Yahoo’s search ads deal with Google might have come as a shock to most but it elicited a different emotion among legislators, that of suspicion. Yahoo has made its 50 page agreement with Google public amid all the talk of it being anti-competitive. It filed the document with the Securities and Exchange Commission as a supplement along with its quarterly report card. But certain parts of the agreement are not available to the public and have been made available to SEC separately.
The prospects of an antitrust lawsuit still loom over the search ads deal, which capped Yahoo’s brazen defiance towards Microsoft. However, don’t mistakenly assume that the SEC is probing the matter. The probe into the legality of the agreement is being carried by U.S. Department of Justice and various states.
When Windows Vista launched back in January 2007, the 64-bit edition was clearly not ready for primetime. The driver and compatibility issues that mired the early days of the OS were even worse on the 64-bit side, and for most users Vista x64 was completely crippled or in some cases, wouldn’t install at all. Hardware manufacturers struggled to release stable device drivers but because 32-bit and 64-bit editions both required radically different drivers, Vista x64 just wasn’t a priority. Coming up on two years later, 32-bit Vista’s issues seem to have calmed down, but what about Vista x64? Well according to Microsoft, usage of the niche OS is on the rise, but is it finally ready for prime time?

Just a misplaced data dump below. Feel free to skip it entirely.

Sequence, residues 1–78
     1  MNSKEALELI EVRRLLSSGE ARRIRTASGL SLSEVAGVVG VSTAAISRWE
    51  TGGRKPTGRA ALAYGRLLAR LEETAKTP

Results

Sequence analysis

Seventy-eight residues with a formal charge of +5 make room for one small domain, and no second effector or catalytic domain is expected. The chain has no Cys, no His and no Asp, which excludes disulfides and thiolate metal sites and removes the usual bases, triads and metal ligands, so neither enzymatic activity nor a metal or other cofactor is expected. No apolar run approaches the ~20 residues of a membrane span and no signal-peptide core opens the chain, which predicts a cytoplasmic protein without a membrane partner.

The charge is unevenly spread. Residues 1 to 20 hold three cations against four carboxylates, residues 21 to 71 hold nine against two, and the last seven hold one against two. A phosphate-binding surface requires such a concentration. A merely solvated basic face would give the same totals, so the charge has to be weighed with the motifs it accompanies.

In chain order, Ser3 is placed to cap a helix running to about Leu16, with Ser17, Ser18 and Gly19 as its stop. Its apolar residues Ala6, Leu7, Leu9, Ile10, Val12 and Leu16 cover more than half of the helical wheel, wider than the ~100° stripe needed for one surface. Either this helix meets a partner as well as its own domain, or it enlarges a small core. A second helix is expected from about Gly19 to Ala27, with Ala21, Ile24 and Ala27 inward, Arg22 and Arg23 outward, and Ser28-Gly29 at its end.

Click the jump to learn all about Vista 64 and what you need to know before you consider switching.
Asustek’s Eee PC mini-desktop has arrived on U.S shores. Its launch follows closely on the heels of Dell’s Studio Hybrid's arrival, which came out less than two weeks ago. The Eee PC box comes with Windows XP pre-installed, a 1.6 GHz Intel Atom, 1GB memory, 80 gigs of hard drive capacity, Wi-Fi 802.11 b/g/n, Ethernet, built-in card reader, four USB 2.0 ports, a microphone-in and DVI-out.
Microsoft is leaving no stone unturned in attracting reluctant users towards Windows Vista. It knows deep inside that Vista needs more than advertising gimmicks like the 'Mojave experiment' and that it needs to tend to the much publicized performance issues with the OS. Microsoft seems to be committed to one such issue, that of Vista not being optimized for SSDs.
Yesterday evening, I had the indistinct pleasure of viewing G4's GPhoria gaming awards. GPhoria is odd in that it doesn't take place at the end of a year; rather, it highlighted, in this case, the best games from the second half of 2007 and first half of 2008. Even so, I was fairly surprised when Halo 3 took home GOTSHO07AFHO08 honors. I mean, Halo? Seriously?